Exploiting the poor- do they have a choice?

Posted on April 25, 2013 by Sumita Kale

In a report tabled in the Parliament, the Standing Committee on Finance laid stress on expanding the brick and mortar branches for financial inclusionThis emphasis is completely out of sync with latest trends in financial inclusion, where worldwide the brick and mortar branch framework has been given up in favour of BC model, mobile banking, more participation of non-banks with strict risk regulation etc The Committee have been emphasising that no other model can substitute brick & mortar branches in achieving the goal of financial inclusion, it added It is this emphasis that is costing the country dearly,not just in making the whole proposition of financial inclusion more expensive for banks, but by lost opportunities in not expanding rapidly.

The same panel states that  the Ministry may review the Business Correspondent (BC) or Business Facilitator (BF) model for better results in the interim, while ensuring that it should not become an instrument of exploitation of the rural poor  Ironic that this report should come out now when the headlines are grabbed by the Saradha Chit Fund scam in West Bengal. How do such companies proliferate? Two opinion pieces by T K Arun (Economic Times) and Monika Halan (Mint) highlight how the RBI's regulatory model needs to be revamped to allow easier access to financial services by the poor, so that they are not left to be exploited by dubious companies.

T K Arun says, Blame not just greed and financial illiteracy, blame also India's stunted formal finance, and that keeps out the unwashed massesHow does the RBI become Accused No1? By being so stingy on bank licencesBy being obtuse on the use of technology, by still dreaming that physical branches lay the path to financial inclusion, by refusing to recognise the ecosystem that mobile phones represent is ideal for mass electronic bankingThat the prepaid SIM is a portable electronic vault that can be remotely credited and debited is less important than the network of authorised vendors of phone companies that can easily be moulded into a network of those authorised to sanction loans and collect repayment. The Aadhaar system offers a sound route to universal banking coverageProvided the RBI finds the courage to innovate policy based on advances in technology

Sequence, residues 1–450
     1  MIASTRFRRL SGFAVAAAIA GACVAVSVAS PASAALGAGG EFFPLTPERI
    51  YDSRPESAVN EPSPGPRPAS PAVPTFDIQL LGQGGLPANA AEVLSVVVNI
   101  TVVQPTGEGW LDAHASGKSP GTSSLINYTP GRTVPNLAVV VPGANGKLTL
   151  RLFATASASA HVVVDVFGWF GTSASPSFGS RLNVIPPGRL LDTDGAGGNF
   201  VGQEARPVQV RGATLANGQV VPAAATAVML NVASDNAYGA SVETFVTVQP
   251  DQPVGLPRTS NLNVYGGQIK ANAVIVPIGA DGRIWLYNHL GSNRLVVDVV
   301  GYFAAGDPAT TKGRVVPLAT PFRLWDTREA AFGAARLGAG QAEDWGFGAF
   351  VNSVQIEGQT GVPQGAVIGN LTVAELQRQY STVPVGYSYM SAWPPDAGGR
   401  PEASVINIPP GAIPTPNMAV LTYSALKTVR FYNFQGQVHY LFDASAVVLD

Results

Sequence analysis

Halan says, Clearly, there is money at the bottom of the pyramid and there is no dearth of enterprise in IndiaSo why do we see so much under-the-surface activity in businesses that mimic banks? Could it be because existing regulation is a lot about preserving the business models of existing banks? What else would explain the reluctance to allow non-bank linked e-payment systems into the country, using the bogey of safety of depositor money? Why is separation of client funds such a tough idea for the RBI to understand—the mutual fund industry has used it successfully for more than 15 years now without a single instance of somebody decamping with investors’ moneyUnfortunately, what we’ll get is a knee-jerk reaction that shuts off chit funds and other forms of non-bank finance, further pushing people into the clutches of illegal operators

It is time to move on to newer systems and models, accept a more open environment with  lighter but tighter supervisionThis can be doneThe sooner we get around to debating this with an open mind, the sooner we can leave behind older modes and the sooner the poor will get a choice of whom to invest with.


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Customer oriented inclusion

Posted on April 23, 2013 by Sumita Kale

Meaningful financial inclusion calls for understanding the needs of the customer, and not going in for a top-down approach.

Tilman Ehrbeck puts this point through well in his blog post, calling for the starting point to be from demand-side insights rather than supply-side considerations:

Half of all working-age adults globally lack access to formal financial servicesAnd contrary to popular belief, these people are often entrepreneurs in the informal economy -- by necessity, not by choiceUnbanked people don’t live financially simple lives; they have a strong need for income-generating opportunities, the ability to build assets, and tools to mitigate risks and smooth consumption in the face of emergencyBy listening to what these people really need, we can dramatically fast-track innovation in financial services to reach more people with a greater range of products at affordable prices to help them improve their lives.

Dr Subir Gokarn, then Deputy Governor RBI, had given a similar approach in a speech in 2001, 'Financial inclusion: A Customer Centric View':

Who the potential consumers are, what motivates and drives their decisions, what constraints and risks they face and so on are all fundamental questions, the answers to which are the starting points of strategy formulation In other words, the better the understanding banks and other financial service providers have about the potential consumers of their inclusion-oriented products and services, the more likely their strategies are to succeed in a way that benefits both consumers and producers.

Under India's bank-led model for financial inclusion, banks need to get this message and work to tailor their products to customer needs, the business case will then flow automatically.

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